Building communities in the classroom is difficult, at best. Middle schoolers are the worst. They teeter between being a child and a teen- they want the rights of grown ups, but not the responsibilities of one. So, I’m always looking for new and interesting ways to create a classroom culture that allows the kids to see each other as friends to grow with and challenge. The other thing about middle schoolers, they can smell a rat. If they, for one single second, don’t believe you are sincere, they’ll turn on you and all of your beautiful plans will be for naught.
Searching through Pinterest, I found fun ways to include every kid in each class! I’m a huge fan of Top Ten lists. I’ve done them for myself and with friends for years: books, playlists, foods, etc. When scouring for classroom community ideas, I found these AWESOME doodle boards that change daily and don’t repeat topics week after week. It keeps kids thinking, entertained, and engaged.
Here are some of my favorites:
Who doesn’t love talking about their favorite songs or artists? It can be a fun way to get kids talking about their shared musical interests, sparking friendships based in music- forever linked because of a playlist!
5thgradeinflorida. “Musical Monday.” Instagram. 11 April 2016.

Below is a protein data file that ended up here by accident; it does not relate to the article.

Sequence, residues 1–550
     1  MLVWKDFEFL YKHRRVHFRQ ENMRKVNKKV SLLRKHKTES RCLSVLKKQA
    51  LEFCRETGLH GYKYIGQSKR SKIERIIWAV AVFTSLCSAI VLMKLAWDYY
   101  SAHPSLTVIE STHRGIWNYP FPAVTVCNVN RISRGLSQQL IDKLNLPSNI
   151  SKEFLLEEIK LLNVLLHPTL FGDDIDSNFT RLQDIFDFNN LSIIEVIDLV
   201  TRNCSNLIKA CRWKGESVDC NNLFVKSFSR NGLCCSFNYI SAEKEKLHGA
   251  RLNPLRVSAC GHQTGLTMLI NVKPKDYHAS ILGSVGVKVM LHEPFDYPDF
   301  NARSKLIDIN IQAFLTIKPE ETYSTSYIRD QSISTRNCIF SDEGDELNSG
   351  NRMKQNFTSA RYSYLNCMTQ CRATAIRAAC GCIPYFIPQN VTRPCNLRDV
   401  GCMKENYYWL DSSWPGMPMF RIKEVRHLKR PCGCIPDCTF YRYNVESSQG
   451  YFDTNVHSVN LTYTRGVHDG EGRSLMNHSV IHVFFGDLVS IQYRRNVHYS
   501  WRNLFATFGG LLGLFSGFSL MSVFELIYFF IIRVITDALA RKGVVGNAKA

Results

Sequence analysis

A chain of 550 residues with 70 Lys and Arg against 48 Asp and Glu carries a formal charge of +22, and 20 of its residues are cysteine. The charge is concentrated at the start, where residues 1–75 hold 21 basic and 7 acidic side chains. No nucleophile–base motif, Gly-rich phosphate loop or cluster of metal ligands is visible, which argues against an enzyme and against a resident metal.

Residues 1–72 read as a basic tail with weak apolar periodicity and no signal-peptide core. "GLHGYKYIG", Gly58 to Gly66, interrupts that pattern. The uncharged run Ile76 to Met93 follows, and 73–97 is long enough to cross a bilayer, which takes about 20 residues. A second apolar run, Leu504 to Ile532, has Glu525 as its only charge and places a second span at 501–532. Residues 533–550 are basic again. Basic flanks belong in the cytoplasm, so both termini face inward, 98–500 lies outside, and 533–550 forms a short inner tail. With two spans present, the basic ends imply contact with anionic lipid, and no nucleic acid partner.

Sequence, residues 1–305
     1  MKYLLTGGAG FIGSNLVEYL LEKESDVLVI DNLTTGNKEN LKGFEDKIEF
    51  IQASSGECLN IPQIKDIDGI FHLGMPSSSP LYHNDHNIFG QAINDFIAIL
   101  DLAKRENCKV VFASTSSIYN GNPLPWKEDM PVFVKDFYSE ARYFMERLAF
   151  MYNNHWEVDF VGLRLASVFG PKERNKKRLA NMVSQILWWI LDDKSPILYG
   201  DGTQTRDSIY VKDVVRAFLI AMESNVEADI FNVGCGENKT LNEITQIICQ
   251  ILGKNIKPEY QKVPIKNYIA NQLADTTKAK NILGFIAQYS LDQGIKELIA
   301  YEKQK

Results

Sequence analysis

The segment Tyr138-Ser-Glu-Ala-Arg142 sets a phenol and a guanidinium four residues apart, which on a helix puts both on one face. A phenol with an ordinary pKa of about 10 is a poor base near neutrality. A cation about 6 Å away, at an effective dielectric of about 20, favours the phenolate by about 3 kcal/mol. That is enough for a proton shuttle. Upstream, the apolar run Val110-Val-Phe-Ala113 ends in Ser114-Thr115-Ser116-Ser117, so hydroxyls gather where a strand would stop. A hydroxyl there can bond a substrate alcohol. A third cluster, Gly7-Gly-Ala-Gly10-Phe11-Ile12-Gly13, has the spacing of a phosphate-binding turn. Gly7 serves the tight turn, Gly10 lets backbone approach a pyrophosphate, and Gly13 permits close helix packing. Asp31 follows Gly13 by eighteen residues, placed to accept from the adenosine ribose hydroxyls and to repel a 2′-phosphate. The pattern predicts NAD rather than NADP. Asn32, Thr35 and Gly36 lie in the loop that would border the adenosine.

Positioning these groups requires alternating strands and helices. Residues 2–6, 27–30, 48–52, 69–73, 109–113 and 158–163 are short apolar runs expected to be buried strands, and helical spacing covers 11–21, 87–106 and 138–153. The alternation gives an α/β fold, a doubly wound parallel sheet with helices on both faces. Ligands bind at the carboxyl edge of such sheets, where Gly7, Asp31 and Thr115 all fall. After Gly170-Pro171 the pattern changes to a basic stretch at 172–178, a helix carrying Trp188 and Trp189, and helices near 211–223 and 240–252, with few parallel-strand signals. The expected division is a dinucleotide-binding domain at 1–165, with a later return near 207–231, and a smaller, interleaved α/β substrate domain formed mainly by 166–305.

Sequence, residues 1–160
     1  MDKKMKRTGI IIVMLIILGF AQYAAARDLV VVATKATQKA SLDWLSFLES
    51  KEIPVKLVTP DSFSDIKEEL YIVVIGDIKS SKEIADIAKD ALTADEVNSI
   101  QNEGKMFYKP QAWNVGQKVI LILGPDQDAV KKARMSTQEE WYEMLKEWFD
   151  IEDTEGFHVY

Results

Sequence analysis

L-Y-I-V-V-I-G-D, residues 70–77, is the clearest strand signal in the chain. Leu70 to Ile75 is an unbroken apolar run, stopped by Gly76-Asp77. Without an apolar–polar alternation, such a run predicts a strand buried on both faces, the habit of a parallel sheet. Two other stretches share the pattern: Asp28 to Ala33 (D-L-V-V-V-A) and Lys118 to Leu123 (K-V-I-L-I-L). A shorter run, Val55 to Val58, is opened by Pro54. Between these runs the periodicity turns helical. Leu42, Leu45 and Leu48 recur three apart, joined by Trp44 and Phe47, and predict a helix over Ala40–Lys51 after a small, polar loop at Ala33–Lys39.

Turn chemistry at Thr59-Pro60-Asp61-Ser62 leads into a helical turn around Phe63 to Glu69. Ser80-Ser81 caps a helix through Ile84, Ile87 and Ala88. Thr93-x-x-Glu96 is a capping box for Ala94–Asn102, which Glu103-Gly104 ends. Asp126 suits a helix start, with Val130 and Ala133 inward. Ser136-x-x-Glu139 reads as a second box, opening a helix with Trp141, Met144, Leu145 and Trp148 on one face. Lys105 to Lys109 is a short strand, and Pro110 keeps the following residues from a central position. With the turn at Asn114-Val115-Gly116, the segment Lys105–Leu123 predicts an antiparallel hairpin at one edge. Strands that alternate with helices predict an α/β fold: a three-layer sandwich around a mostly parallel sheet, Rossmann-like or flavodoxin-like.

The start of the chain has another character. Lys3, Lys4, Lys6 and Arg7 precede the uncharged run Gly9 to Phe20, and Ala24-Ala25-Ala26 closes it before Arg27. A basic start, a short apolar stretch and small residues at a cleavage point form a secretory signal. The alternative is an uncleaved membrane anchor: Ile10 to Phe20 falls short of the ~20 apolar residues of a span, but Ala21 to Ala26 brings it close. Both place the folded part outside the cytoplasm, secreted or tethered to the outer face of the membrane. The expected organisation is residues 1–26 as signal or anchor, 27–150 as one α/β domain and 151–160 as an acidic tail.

Welp, here’s where I come clean… I’m a Potterhead (Hufflepuff, to be more specific). And this hilarious board allows kids to determine which spell they’d like to be able to cast and why. Here’s another great opportunity for kids to put their heads together and figure out ways to cause chaos in the classroom!
5thgradeinflorida. “Wizard Wednesday.” Instagram. 7 September 2016.
Another great idea is a “Shout Out Wall”. I’ve got one of these in my classroom and it’s not utilized as often as I’d like, but I’m always encouraging kids to look for the good in each other and praise it. Kids and teachers can “shout out” other kids and teachers for this board. Even the principal has come in to add her compliments to our board.
Here’s an example of one (I wrote the instructions on the board, but they have to come and get Post It Notes from me, or they’ll all go missing):
Houser, Kristin. (26 April 2016). A few ways to say thank you to teachers. Retrieved from https://www.mshouser.com/instructional-coaching/a-few-ways-to-say-thank-you-to-teachers?utm_medium=email&utm_campaign=Daily%20Ms%20Houser&utm_content=Daily%20Ms%20Houser+CID_8bbb8acd420d4b5a7b441dfef73862f9&utm_source=Email%20marketing&utm_term=A%20Few%20Ways%20to%20Say%20Thank%20You%20to%20Teachers
PLN communities are important for educators because of how closed off we can feel in the classroom. Having like-minded individuals creating resources to share or purchase, the educational world becomes larger and easier to access and get inspiration from. It’s important for teachers to never stop growing or adapting their best practices to stay influential and effective in an ever changing classroom. PLN communities are a life source for teachers for so many reasons and all of them positively impact classrooms.